Financial Planning Blog
We have very short memories
Remember that time when we were experiencing an economic crisis, fearing for our jobs, and wondering if we were headed for a great depression? The year was 2008, and many of us curtailed purchases, paid down debt—anything and everything to prepare for worse times yet to come.
A February 2015 report by the American Psychological Association (APA) shed light on the stress levels of United States citizens. The findings showed that despite an improvement in the U.S. economy, money issues continued to be the leading cause of stress for Americans. According to Executive Vice President and APA CEO, Norman B. Anderson, PhD, “Regardless of the economic climate, money and finances have remained the top stressor since our survey began in 2007. Furthermore, this year’s survey shows that stress related to financial issues could have a significant impact on Americans’ health and well-being.” The same study goes on to state that “Nearly 1 in 5 Americans say that they have either considered skipping (9 percent) or skipped (12 percent) going to the doctor when they needed health care because of financial concerns.”
Many of today’s nations are employing an unstable method of economic bolstering that involves reducing the worth of their own currency. The theory behind this is that a weakened currency will improve competition in the global export market and fuel a country’s economic growth. For many, this theory contains a frightening number of negative probabilities and can be likened to shoring up a home’s foundation with quicksand: Build on an unstable surface, face the effects of the inevitable collapse when it occurs.
In some places, you already are
There has been plenty of media attention, and discussion among Americans, about the Social Security problem—namely, the declining ratio of workers contributing to retirees receiving benefits. Although we have mentioned it on this blog, there has been much less attention given to the underfunded pensions. Unfortunately, some pensions may “go broke” before Social Security does.
New name coincides with launch of national expansion
Many people familiar with Brock Financial Consultants are aware of its parent company, Mutual Benefit International Group (MBIG), and its business plan to open a global network of branch offices. That plan is turning into reality and will take place under the Consultus name. In a press release issued on September 23, 2014, Hank Brock announced that Brock Financial Consultants is changing its name to Consultus. The name change was officially announced as taking place on October 15, 2014, but is already starting to show up in a few places. It is also likely that the process will continue after the official transition date.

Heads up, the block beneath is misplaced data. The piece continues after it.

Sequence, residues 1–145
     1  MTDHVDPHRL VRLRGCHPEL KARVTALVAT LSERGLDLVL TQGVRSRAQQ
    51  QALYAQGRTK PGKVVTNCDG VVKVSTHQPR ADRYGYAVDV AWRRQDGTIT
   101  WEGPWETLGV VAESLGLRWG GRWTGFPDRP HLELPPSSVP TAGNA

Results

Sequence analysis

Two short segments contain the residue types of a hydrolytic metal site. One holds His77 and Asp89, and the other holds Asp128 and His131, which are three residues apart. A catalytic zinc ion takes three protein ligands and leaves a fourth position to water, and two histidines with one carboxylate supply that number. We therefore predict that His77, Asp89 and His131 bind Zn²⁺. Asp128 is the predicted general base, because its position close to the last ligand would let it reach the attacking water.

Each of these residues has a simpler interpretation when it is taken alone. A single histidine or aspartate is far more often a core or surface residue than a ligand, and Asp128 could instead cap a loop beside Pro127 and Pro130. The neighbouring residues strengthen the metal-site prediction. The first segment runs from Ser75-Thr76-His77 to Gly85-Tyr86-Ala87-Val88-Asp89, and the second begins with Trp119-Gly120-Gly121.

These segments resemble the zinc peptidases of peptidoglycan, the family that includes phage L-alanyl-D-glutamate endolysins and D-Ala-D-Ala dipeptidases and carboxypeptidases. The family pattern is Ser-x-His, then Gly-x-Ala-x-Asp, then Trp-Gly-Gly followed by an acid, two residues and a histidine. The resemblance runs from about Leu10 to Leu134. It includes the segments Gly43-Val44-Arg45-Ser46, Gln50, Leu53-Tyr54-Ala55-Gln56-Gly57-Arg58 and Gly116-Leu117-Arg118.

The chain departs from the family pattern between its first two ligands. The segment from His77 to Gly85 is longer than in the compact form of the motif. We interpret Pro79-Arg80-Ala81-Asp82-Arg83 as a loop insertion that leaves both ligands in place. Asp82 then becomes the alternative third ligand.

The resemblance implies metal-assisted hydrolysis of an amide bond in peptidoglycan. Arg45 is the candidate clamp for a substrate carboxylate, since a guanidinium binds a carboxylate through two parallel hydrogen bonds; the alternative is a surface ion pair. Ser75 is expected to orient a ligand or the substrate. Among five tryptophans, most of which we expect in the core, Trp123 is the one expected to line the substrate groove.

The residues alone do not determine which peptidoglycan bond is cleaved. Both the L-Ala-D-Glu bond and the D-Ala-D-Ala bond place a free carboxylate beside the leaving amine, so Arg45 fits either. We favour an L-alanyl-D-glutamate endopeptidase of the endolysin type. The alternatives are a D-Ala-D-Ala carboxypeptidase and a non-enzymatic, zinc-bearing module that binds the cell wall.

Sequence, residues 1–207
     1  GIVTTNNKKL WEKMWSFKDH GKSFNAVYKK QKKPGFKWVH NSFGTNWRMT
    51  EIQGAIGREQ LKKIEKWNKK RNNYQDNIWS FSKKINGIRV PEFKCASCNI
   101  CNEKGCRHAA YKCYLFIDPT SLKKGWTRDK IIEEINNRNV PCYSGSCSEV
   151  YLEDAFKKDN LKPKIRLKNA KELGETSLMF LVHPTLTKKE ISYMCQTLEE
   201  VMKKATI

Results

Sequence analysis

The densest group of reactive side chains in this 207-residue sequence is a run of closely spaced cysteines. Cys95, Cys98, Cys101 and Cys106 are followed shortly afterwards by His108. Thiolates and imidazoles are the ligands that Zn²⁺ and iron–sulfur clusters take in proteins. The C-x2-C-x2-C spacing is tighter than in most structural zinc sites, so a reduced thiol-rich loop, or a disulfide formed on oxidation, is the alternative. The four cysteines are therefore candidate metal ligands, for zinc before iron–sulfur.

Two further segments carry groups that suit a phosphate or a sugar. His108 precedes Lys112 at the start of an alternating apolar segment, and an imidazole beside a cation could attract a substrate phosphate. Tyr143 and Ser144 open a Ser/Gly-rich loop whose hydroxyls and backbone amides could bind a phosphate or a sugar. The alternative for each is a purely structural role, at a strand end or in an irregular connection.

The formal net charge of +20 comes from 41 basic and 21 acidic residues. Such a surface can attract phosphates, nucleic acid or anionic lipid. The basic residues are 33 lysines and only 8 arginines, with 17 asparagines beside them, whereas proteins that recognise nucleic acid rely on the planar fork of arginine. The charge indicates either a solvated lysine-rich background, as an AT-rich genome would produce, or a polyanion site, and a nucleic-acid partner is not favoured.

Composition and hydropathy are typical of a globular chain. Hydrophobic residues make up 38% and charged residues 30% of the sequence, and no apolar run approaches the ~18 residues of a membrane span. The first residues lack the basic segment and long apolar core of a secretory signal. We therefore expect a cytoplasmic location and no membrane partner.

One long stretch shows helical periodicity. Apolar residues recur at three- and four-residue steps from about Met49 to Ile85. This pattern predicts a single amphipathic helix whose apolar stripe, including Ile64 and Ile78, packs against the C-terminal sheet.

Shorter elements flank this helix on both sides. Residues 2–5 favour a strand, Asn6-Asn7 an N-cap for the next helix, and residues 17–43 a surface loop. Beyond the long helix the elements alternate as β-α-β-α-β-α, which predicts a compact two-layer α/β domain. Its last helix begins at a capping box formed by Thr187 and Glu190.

New Name as MBIG Business Plan Becomes a Reality
The introduction of the Consultus name is taking place as the company begins implementing the MBIG business plan for branch office expansion. On Tuesday, Consultus announced its first permanent branch office outside of St. George. After an extensive search and rigorous screening process, the company announced that Jason Duhon will head up a branch office in Las Vegas, Nevada.
Last Monday marked the deadline for new sign-ups under Obamacare. On Tuesday, April 1st, Andy Friedman appeared on CNBC to discuss the future of Obamacare and the effect it is likely have on the mid-term elections. You may view the segment below.
Hedging geopolitical tensions
Does watching news about Vladimir Putin's Ukraine policies make you nervous? What about North Korea's most recent missile testing? Do you find yourself becoming increasingly anxious when you hear reports that ATMs are in danger of being hacked (see video #2 below)? These are just three current news items that argue for holding some precious metals in your investment portfolio. These are in addition to longer-term reasons such as the continuing devaluation of the dollar, the massive buildup of global debt, and the increasing risk of hyperinflation.
Retirement Planning Seminar Addresses Four Concerns
Financial planning for high-net-worth retirees is not what it used to be. Increasingly, even seniors with assets of $2-5 million wonder if they will run out of money during retirement.
Why are the affluent worried about money?
It is the result of:
(Note: This is a modified version of a letter that was emailed to clients of Brock and Associates on January 18, 2014).
Last year was one of the worst years for precious metals in a long time. Specifically, with regard to silver, specifically, its drop is not surprising given its tendency for negative correlation with the stock market (This is one reason we recommend it). Its price decline has created a silver buying opportunity. Let's take a look at why we believe this is the case.
For those seeking a different explanation of why Obamacare has had difficulty gaining traction, the Federalist Papers Project offers this video.